The flavored wallpaper intended for nursery rooms is an incredible invention. Everyone seems to enjoy the flavor they get saddled with, although I think that’s because nobody landed on Snozzberries. Yes, Willy Wonka states that the Snozzberries taste like Snozzberries, before being rebuked by one of the children. This prompts him to grab her face and quote Ode by Arthur O’Shaughnessy for reasons that are only clear to a purple maniac.
What the heck are Snozzberries?
For the most part, it’s a gibberish word invented by Roald Dahl. But most people assume he created the word for Charlie & The Charlie Factory when really he had a private meaning to it all along. In his 1979 work My Uncle Oswald a character states that if they grab onto a man’s snozzberry, and gives it a twist, they can get them under control. Doesn’t leave much room to the imagination as to what appendage does that.
The first reveal of the Chocolate Room is still a cinematic marvel. It is an enormous set filled with authentic prop pieces that still hold up scrutiny even by today’s standards. I’m somewhat jaded by today’s special effects, and I can still say I’m impressed, so I can’t imagine what the minds of people from 1971 were thinking. On top of that, the acting from every single actor is impeccable; with everyone reacting as if this was the first time they had seen such a wonderful room.
I guess with a sentence like that previous one, you can probably guess that it was a genuine reaction from the actors. They had never seen the room before at the Director’s behest. He wanted the actors to look exactly as the audience would, with incredulity that anyone would be able to create something so vibrant and all-encompassing. It’s a pretty brilliant decision.
Obviously, that bizzarro tunnel scene is going to come up, because it is a moment of sheer terror in an otherwise lighthearted movie about children being mangled beyond recognition. Willy Wonka just takes these kids on a boat ride through a hellish landscape where people have bugs on their face and lights give anyone looking at them seizures. The kids and adults alike realize they have made a grave error in coming here, something they should have realized when a man thought it would be a funny prank to fake his own health conditions.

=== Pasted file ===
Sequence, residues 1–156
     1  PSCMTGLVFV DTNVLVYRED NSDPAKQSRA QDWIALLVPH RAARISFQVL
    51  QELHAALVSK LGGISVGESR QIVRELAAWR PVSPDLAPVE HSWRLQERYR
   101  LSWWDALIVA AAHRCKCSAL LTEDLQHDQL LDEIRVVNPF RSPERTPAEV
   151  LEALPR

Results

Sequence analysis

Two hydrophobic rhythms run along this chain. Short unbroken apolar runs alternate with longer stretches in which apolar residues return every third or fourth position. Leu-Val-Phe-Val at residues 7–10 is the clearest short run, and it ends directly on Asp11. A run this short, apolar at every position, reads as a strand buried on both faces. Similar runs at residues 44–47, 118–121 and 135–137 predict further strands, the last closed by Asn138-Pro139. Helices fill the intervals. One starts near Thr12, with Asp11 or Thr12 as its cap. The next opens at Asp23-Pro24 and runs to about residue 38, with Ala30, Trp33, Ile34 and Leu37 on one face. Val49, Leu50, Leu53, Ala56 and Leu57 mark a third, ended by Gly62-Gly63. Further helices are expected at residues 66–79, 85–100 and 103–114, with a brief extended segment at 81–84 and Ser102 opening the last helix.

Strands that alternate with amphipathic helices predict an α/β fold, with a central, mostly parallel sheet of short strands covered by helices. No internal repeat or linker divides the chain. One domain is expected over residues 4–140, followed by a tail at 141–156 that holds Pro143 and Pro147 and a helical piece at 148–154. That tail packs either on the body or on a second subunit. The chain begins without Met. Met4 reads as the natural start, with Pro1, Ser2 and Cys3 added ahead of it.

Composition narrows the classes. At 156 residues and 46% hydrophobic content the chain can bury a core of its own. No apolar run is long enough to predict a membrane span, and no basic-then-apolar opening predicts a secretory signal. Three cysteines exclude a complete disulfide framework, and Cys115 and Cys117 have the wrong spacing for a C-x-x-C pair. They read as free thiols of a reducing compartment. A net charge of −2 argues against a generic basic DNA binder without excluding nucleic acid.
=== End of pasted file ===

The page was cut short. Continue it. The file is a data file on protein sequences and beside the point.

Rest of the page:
That’s actual terror on their faces.
It should come as no surprise at this point that the actors were not warned ahead of time what was going to happen in the tunnel. Many of the kids believed that Gene Wilder had genuinely lost his mind, which is actually kind of his gimmick, he does it all the time.
Right near the end of the film, Charlie is looking to claim his grand prize, which I think he deserves for staying quiet about Wonka’s House of Horrors. At this brilliant moment, Willy freaks out and just unloads on Charlie, chewing him out for stealing Fizzy Lifting Drink. I get that it was a morality thing and he wanted to see who actually deserved the factory, but you can see actual heartbreak in Charlie’s face.
Can you guess why?
There was a running theme of not telling the actors what nightmare was coming up for them, so of course, the actor who played Charlie was never warned that he was about to be yelled at. This really upset Gene Wilder, since he had become friends with the child over the course of filming, and desperately wanted to tell him that he wasn’t genuinely mad at the boy. The director forbid it.
Peter Ostrum, who played Charlie Bucket in the film, did a pretty convincing job of a luckless kid suddenly falling head over heels into a world of delight and child endangerment. Many people around Hollywood thought he would be the next big star, hoping to see more of the boy who inherited a factory. He was charming and cute and seemed to have something of a range. So why haven’t we all seen more of him since then?
That was his only movie.
Unsurprisingly, not being told that you are about to be scared witless multiple times during a film shoot doesn’t leave a good impression of what acting is all about. Peter decided that acting just simply isn’t for him, and walked away from it all. Judging by what you hear from countless other child stars, that may have been the smartest move of his entire career. Oh well.
In the original film, Charlie lives with his bedridden Grandparents and his mom and…that’s it. For some reason, his father is no longer with us. This isn’t even a part of the source material, Charlie totally lives with his dad too, who works in a toothpaste factory. Which means, sadly, that somehow Tim Burton was slightly more accurate, at least in this one regard. And his depiction of the squirrel room vs. the depiction of a golden goose room. The book only had squirrels. But I digress.